I don’t mind mowing.  It’s something I know how to do and have done since I was old enough to handle a mower.  At 12 years old, finally living in my first New Orleans summer, I started mowing lawns for money with my brother.  The first was down the block, then another around the corner, followed by jobs farther afield when friends of my parents would go on vacation and need the yard done.  In 1960, it was two dollars for a straight yard and three dollars with edging.  Sometimes we made more weeding flower beds.  My brother was underpaid at a quarter to a dollar.  My kids, when old enough, mowed yards as the Yard Masters.  My dad mowed his yard religiously, every week.  His dad, my grandfather worked on orange ranches, and all the generations before him in Germany were farmers.  His name was Erdmann, meaning “man of the soil.”  These days I mow our little postage stamp yard, my daughter’s large yard around the corner, and, since my son is out of town, my parents’ yard as well.  We’ve done a lot of different things in life, but let’s face it, we’re mowing people.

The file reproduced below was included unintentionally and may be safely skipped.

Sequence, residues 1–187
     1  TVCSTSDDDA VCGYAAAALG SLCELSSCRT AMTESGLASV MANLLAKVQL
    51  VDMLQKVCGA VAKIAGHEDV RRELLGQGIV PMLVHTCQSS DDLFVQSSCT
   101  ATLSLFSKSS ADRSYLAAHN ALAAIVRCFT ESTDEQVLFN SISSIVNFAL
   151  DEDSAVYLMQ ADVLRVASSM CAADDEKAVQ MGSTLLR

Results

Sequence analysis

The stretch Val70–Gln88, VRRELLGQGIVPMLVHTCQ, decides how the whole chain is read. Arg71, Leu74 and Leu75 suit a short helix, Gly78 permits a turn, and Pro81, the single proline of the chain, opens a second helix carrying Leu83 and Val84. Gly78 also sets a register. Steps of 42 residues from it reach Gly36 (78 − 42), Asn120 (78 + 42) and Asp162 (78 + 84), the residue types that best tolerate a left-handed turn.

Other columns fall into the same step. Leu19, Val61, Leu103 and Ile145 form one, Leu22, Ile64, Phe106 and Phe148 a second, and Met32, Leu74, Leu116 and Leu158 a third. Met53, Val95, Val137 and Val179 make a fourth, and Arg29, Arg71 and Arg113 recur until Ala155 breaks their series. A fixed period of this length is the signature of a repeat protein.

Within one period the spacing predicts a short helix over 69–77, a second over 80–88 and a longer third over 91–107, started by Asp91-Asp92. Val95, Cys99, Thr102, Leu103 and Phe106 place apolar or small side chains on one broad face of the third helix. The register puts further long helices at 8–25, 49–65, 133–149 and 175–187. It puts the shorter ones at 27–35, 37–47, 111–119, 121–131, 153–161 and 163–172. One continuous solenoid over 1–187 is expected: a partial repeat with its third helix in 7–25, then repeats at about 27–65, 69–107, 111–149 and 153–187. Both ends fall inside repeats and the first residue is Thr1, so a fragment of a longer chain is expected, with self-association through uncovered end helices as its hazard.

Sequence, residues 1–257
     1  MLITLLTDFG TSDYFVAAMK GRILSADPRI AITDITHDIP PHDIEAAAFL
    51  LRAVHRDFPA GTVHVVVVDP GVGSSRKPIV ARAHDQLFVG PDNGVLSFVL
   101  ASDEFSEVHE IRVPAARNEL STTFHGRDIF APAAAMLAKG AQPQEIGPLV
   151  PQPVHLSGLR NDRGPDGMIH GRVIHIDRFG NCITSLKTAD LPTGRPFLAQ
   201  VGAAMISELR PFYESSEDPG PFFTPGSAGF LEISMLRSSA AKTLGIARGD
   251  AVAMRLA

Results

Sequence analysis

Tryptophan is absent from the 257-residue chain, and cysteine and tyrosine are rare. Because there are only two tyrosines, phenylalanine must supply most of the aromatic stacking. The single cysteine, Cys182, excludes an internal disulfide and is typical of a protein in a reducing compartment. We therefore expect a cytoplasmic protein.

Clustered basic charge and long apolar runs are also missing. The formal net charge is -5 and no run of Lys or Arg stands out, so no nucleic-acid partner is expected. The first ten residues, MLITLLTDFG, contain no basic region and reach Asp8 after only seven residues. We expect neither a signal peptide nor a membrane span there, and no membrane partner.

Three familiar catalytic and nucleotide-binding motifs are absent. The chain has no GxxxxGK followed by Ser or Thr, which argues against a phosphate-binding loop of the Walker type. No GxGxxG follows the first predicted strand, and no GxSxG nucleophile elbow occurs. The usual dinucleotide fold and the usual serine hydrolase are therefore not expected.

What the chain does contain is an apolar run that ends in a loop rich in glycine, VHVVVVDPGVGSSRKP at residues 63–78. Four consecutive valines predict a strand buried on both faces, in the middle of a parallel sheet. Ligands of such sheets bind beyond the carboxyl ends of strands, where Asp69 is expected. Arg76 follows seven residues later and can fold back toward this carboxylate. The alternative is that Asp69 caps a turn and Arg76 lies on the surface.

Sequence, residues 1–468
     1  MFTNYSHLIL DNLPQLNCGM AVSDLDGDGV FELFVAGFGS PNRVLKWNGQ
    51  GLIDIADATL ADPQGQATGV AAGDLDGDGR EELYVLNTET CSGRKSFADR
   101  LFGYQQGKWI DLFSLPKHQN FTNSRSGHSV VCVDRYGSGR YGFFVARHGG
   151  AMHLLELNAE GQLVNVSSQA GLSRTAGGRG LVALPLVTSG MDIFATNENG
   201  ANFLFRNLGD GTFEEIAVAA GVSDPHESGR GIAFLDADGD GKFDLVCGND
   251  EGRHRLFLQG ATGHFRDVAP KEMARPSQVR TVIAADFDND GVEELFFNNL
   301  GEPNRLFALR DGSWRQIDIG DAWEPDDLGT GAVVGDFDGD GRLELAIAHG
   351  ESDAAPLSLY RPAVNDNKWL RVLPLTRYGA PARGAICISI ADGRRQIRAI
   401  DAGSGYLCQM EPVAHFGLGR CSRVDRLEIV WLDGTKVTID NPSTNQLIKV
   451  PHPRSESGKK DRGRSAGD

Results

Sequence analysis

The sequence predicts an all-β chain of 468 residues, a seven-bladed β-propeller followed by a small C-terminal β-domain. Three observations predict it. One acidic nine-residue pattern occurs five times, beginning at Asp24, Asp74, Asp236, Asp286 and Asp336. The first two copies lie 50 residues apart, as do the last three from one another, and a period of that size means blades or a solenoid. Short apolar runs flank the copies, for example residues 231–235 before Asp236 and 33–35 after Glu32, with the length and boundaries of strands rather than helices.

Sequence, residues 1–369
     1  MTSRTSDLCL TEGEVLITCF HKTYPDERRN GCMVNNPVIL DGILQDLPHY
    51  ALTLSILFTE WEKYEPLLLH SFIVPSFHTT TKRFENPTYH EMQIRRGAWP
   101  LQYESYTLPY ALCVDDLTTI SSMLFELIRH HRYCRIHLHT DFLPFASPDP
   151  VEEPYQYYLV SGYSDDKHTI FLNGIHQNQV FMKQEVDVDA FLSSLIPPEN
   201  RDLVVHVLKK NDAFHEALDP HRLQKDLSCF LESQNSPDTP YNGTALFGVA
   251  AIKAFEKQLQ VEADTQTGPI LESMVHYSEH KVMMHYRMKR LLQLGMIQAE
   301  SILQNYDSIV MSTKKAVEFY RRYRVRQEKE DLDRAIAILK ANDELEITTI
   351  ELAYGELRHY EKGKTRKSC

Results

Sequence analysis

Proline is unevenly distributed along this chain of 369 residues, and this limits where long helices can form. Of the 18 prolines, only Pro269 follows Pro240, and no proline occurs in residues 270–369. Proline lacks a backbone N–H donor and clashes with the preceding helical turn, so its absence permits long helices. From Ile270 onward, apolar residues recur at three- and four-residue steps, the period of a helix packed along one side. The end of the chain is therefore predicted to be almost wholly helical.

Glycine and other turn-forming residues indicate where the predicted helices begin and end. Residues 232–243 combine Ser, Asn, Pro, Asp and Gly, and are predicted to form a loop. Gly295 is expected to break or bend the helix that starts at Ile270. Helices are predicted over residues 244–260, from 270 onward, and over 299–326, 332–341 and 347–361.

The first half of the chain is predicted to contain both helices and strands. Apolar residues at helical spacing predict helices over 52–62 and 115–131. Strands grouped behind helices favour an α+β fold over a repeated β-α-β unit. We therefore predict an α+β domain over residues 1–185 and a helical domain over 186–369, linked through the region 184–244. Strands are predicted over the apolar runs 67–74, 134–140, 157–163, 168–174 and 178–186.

The grass was as high as advertised, but starting at 9:30 after getting his “call,” was too late in the game for this job.  Ninety-minutes later, I might have finished one-third of the job, but that was enough celebration for Independence Day.  Saturday found me starting the mower at 6 AM sharp with sunrise two minutes later.  There’s something peaceful about the job.  You can see the progress with every swipe.  The smell of the various grasses, whether the classic St. Augustine or some Bermuda that was in a patch, or the stalky hay-like weeds everywhere was rejuvenating.  When I was a kid, I used to think I had hay fever, because my dad had hay fever, but I don’t.  By 8 AM, I’d done what could be done, and even though another hour might have been needed, this was good enough to pass muster with the neighbors and fend away any other complaints.